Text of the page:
Keywords: ASTM method; Borchardt-Daniels method; double-base propellant; Freeman-Carroll method; kinetic parameters; Kissinger method; nitroguanidine; Rogers-Morris method; triple-base propellant


Thermogravimetric Fourier Transform Infrared Spectroscopy of Hydrocarbon Fuel Residues by A. Zanier (pp. 1389-1396).
Although thermogravimetric analysis (TG) has become an indispensable tool for the analysis and characterization of materials, its scope is limited as no information is obtained about the qualitative aspects of the evolved gases during the thermal decomposition. For processes involving mass loss, a powerful technique to provide this missing information is Fourier transform infrared spectroscopy (FT-IR) in combination with TG. It supplies a comprehensive understanding of thermal events in a reliable and meaningful way as data are obtained from a single sample under the same conditions.The coupling TG/FT-IR is used in fuel analysis for the identification of residual volatiles, to determine their sequence of release and to resolve thermogravimetric curves. In this work, the usefulness of TG/FT-IR for characterizing middle distillate fuel residues is illustrated with some typical examples of recent application. A Bio-Rad FTS 25 FT-IR spectrometer coupled with a TA Instruments TGA 2950 thermogravimetric analyzer was used for data aquisition.The results obtained demonstrate the utility of this combined technique in determining the decomposition pathway of tarry materials at various stages of pyrolysis, thereby allowing new insights into the complex thermal behaviour of hydrocarbon residual systems.

Keywords: FT-IR; fuel; oil; pyrolysis; residue; TG

Introductory Remarks by W. Hemminger (pp. 1399-1400).

Standardisation and Quality Assurance by M. J. Richardson (pp. 1401-1404).
Modern DSC instruments generally give very reproducible results that are ideal for quality assurance work. However, various corrections are needed before quantitative data are obtained. Since the corrections differ from one type of instrument to another, it is important to ensure that they are all properly carried out. Without these corrections, it is fruitless to compare data from different sources. The types of problem, and their solutions, are discussed.

Keywords: calibrants; quality assurance; quantitative data; standard procedures


Quality Assurance in Testing Laboratories by G. Groboth (pp. 1405-1412).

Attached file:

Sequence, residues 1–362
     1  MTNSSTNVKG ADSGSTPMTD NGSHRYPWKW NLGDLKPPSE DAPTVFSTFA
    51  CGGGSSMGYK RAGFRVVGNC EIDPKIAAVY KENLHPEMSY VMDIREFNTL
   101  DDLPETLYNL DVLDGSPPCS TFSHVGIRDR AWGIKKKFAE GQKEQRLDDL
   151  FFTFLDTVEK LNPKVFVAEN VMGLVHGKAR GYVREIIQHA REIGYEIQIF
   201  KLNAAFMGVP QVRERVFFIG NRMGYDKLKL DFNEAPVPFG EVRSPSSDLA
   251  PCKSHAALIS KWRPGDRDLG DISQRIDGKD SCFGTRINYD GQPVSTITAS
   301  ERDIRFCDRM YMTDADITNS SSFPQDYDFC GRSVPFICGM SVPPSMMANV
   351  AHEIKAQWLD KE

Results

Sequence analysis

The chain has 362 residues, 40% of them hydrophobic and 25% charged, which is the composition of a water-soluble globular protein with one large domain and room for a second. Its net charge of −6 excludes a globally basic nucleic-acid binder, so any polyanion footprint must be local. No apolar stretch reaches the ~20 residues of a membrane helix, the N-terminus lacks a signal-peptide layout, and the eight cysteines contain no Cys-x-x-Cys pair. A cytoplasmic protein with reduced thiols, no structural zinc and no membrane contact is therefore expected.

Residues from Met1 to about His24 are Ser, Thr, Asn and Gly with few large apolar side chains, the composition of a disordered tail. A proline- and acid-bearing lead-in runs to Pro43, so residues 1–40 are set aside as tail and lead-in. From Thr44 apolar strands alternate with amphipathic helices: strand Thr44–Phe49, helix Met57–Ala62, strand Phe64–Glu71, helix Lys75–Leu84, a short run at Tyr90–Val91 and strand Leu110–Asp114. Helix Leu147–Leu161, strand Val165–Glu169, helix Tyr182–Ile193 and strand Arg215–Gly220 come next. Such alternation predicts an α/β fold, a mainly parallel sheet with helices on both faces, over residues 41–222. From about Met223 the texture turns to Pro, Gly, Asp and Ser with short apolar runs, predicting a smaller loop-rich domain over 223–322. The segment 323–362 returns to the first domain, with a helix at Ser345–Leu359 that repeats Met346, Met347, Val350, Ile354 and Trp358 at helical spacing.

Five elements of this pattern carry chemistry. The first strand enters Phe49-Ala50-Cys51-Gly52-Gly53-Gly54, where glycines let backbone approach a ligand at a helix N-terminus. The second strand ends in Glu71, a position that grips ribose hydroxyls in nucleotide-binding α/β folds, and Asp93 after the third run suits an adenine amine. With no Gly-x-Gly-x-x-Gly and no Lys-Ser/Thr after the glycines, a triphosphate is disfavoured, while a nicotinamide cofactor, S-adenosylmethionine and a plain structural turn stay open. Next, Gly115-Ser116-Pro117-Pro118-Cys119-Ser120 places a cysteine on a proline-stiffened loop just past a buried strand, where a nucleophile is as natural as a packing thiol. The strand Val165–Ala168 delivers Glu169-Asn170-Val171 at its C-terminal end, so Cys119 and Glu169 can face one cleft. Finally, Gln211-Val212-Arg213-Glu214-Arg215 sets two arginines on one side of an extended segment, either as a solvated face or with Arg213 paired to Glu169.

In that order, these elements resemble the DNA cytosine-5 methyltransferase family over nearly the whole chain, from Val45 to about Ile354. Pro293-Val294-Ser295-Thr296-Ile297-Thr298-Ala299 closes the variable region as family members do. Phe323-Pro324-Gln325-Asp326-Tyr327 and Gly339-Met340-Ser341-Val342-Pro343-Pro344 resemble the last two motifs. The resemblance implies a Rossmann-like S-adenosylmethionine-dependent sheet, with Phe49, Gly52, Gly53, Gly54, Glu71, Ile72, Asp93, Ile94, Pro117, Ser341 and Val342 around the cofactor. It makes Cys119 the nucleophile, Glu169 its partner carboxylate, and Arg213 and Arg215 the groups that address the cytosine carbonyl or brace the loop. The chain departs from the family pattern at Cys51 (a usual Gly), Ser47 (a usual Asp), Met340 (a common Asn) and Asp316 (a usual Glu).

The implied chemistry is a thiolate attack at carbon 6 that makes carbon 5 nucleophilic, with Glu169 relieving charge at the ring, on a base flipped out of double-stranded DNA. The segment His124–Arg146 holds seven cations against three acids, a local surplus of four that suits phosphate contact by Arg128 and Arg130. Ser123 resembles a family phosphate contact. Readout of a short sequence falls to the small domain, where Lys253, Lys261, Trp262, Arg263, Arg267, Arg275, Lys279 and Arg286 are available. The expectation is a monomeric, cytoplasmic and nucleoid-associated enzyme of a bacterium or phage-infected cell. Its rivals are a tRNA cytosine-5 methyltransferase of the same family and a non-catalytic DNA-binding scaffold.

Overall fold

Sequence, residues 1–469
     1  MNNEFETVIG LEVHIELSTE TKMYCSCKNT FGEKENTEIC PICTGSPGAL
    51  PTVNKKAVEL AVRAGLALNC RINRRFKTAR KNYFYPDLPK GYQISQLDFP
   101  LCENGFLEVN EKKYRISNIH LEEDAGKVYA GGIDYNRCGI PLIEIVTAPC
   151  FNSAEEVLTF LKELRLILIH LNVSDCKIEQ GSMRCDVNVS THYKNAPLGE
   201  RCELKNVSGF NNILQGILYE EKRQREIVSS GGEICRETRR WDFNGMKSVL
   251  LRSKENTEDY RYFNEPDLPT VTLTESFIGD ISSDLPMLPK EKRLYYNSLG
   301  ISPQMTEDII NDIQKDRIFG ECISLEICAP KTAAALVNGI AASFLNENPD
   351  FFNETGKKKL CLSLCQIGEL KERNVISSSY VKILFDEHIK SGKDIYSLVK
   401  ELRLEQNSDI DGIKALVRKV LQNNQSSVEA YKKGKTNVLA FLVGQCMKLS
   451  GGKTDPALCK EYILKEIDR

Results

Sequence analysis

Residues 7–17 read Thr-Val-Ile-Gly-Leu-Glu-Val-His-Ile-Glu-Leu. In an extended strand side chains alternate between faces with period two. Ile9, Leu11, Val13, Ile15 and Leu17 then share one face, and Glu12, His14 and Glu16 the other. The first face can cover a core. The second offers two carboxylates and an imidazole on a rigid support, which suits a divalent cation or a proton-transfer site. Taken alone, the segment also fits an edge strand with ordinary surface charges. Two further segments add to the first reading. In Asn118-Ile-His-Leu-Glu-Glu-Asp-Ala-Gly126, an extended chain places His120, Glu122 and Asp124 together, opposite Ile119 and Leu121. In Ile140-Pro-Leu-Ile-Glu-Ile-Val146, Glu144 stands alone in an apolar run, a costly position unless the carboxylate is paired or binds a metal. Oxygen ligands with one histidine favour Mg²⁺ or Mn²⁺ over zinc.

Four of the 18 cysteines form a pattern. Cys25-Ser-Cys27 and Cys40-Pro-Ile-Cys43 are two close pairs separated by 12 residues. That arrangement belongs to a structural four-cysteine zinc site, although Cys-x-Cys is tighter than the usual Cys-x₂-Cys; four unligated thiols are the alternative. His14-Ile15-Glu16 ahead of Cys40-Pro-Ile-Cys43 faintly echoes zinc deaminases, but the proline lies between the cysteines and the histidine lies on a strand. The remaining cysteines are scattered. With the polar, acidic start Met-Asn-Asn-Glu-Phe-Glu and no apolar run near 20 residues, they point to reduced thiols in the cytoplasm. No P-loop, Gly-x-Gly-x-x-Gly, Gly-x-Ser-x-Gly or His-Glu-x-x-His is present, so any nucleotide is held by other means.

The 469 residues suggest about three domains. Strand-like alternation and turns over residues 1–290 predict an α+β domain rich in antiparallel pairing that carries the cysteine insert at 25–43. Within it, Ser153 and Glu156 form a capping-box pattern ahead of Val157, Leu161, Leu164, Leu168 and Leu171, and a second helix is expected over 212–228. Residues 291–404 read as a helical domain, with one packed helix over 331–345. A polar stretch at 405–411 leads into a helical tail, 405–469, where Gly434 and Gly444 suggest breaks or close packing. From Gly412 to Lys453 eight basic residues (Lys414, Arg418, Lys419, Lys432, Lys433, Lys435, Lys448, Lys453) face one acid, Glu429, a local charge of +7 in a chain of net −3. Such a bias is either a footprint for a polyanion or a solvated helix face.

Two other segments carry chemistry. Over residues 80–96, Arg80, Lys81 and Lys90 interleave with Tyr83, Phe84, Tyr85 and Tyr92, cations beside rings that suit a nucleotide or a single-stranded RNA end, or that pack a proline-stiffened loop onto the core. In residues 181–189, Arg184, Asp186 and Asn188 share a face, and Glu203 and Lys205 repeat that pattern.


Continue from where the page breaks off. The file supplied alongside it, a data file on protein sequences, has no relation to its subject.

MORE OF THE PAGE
General criteria for the operation of testing laboratories according to standards series EN 45000 and quality assurance under ISO series 9000 are discussed, and other quality management systems too are presented. The important elements of quality assurance as concerns measurements, tests and investigations are pointed out.

Keywords: accreditation; quality assurance


Thermal Analysis as Part of the Quality System within Industrial Laboratories by P. H. Willcocks; N. R. Bosley; A. Broadhurst; I. D. Luscombe (pp. 1413-1418).
The use of thermal analysis as part of a quality system in industry can be effective only if the techniques are made to conform to high standards of quality assurance. Achieving these high standards is not problem free and there remain many issues which require the attention of thermal analysts in industry and academe. Fundamental aspects which have been considered include limitations due to instrument design, problems in computerised control and analysis. A key aim is towards validation of data at international level.

Keywords: quality assurance; standardisation; validation

Eurosolid Session at ESTAC-7 (pp. 1419-1419).

Influence of Operating Conditions on BaSO4 Crystal Size and Morphology in a Continuous Couette Precipitator by S. Pagliolico; D. Marchisio; A. A. Barresi (pp. 1423-1433).
Precipitation of a sparingly soluble salt in the annular gap of a continuous Couette reactor with two unpremixed feeds has been experimentally investigated. Barium chloride and sodium sulphate in stoichiometric ratio are fed at different flow rate in the lower part of the reactor; different feeding modes have been considered. The dependence of precipitation yield, mean crystal size and particle size distribution on rotation speed, axial flow rate and initial supersaturation ratio has been studied. Depending on the operating conditions crystals with different morphologies have been obtained, varying from dentritic tabular crystals to complex pyramidal ones and from single crystals to aggregates.

Keywords: BaSO4 ; Couette reactor; morphology; precipitation


New Method for Catalyst Powder Manufacturing Based on Solvent Combustion by G. Saracco; F. Geobaldo; D. Mazza; G. Baldi (pp. 1435-1442).